Java Role in the Development of the Internet of Things
The Internet of Things (IoT) is a field undergoing constant development. For the software development community across the globe, IoT has become one of the most important areas of the Future Internet. Java is already key in the development of emerging IoT technologies and Java aficionados state that Java will be the leading IoT platform.
The Internet of Things: A New Model
First, one should understand the degree to which IoT is changing our model of interacting with the Internet. The major aspect is that now things will communicate with things across the Internet, processes can interoperate at local and global level. Preset rules for devices and systems will result in automated decisions and actions, without a human intervention.
Java and IoT: Back to the Roots
If we should mention an essential trait of IoT, that would be interoperability: multiple and diverse devices working together in a coordinated manner. On the other hand, if we should name the main characteristic of Java, that would be platform independence. Java was created exactly to connect different devices, from different suppliers, running on different operating systems.
IoT stands on a convergence of old and new hardware platforms, M2M computing, big data and cloud computing, linked by various APIs. In order to provide an integrated, secure and comprehensive platform for the Internet of Things architecture, Oracle launched Java IoT Platform including Java ME, Java ME 8, and the three embedded frameworks: Java ME Embedded, Java SE Embedded, and Java Embedded Suite.
Java – Predestined to Lead in IoT
Due to its platform independency, Java is behind the internet, the banking systems and the retail enterprise. By design, Java provides a consistent architecture that enables the creation of vertical applications crossing data from collection at the edge nodes (with Java ME), to the gateway communication layers (using Java SE) and up to the cloud for processing and management (with Java EE).
As Mr. Károly Simon, Ph. D. – specialized in Java technologies, explains: “Java works well both on computers of different sizes and boards such as RaspberryPi. It also works effectively with Arduino and tools such as NetBeans. The embedded space offers great opportunities for developers and Java offers appropriate support. It is of great importance that developers that have programmed for enterprise can shift their knowledge to embedded using the same architecture, communication and security protocols. This enhances flexibility and scalability.”
Embedded Systems Take the Lead
Smart homes, autonomous manufacturing, industrial automation, smart cities and edge computing rely on two major pillars: embedded systems and Internet. This megatrend of automating and miniaturizing every possible device is actually possible due to embedded systems. On top of it, there is a major constraint that must be met by leading systems: real-time performance.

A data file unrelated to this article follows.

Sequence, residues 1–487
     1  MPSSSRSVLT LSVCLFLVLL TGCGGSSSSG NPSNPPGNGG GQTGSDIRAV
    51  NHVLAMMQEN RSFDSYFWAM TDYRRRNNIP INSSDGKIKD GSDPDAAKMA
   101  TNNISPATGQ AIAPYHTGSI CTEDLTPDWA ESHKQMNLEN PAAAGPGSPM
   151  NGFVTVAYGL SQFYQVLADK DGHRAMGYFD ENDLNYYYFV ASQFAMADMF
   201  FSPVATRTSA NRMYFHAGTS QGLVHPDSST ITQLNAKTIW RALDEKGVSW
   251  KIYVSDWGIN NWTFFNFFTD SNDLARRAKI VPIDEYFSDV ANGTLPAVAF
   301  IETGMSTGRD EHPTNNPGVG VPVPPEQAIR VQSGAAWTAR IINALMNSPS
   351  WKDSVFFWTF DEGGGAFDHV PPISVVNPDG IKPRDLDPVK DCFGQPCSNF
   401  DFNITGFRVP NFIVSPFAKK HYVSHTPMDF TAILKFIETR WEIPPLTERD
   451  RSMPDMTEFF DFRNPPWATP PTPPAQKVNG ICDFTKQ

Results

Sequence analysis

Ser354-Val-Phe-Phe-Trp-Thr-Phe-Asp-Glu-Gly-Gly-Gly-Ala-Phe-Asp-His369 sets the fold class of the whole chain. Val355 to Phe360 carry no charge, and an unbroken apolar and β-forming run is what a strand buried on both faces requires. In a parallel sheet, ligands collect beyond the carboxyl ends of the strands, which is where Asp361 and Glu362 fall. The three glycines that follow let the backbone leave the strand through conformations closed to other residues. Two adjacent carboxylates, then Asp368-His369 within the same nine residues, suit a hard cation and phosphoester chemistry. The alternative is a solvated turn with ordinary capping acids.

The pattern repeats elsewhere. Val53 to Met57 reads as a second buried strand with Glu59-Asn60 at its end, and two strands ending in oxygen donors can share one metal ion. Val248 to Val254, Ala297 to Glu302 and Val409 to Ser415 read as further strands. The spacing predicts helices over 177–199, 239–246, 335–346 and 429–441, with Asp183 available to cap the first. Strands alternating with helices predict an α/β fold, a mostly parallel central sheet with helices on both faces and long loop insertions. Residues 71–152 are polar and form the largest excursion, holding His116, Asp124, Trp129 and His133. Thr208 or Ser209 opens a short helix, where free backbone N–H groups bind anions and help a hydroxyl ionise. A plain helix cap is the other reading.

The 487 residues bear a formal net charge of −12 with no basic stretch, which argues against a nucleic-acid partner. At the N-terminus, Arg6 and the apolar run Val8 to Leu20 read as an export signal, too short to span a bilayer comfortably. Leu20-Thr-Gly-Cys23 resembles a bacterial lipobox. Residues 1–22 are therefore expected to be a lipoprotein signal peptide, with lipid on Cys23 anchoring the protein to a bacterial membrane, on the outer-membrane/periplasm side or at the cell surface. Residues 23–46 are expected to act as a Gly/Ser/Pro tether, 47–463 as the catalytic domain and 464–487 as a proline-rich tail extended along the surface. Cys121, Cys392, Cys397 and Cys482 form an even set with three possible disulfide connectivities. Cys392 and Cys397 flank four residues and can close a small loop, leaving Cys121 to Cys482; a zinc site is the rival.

Due to the increasing Internet of Things applications, embedded versions of Java have been enhanced and there is work undergoing for JDK9. IoT applications by definition have to be portable across a broad range of processor types, thus Java wins in relevancy.
Oracle’s Java – available in different configurations to address specific devices and markets— provides a complete, secure platform for building embedded solutions:
• Oracle Java ME Embedded for small and medium devices
• Oracle Java SE Embedded for medium and larger devices and gateways
• Oracle Java Embedded Suite for increased intelligence on gateway devices
• Java Card for secure, easy-to-use, and interoperable identity services
As the largest development ecosystem on the planet, Java is supported by a community of more than 9 million developers and backed by Oracle’s ongoing investment in existing and new Java products—all optimized for embedded environments.
Java is Powering Edge Environments
At the heart of the Internet of Things, domains like electronics, robotics, 3D printing benefit of Java platform’s capabilities. Their applications form edge environments such as telehaptics, telematics, telehealth. Once again, Java propels embedded universe to redesign M2M and human to machine interactions.
One of the reasons behind this phenomenon is that Java allows an easy and prompt adjustment to new sensor technologies. In addition, Java lets development teams reuse code from one design to another and from one device class to another. They can also leverage code developed in the Java community.
The advances reached in home automation, smart grid capabilities, remote healthcare or hospitality are notable.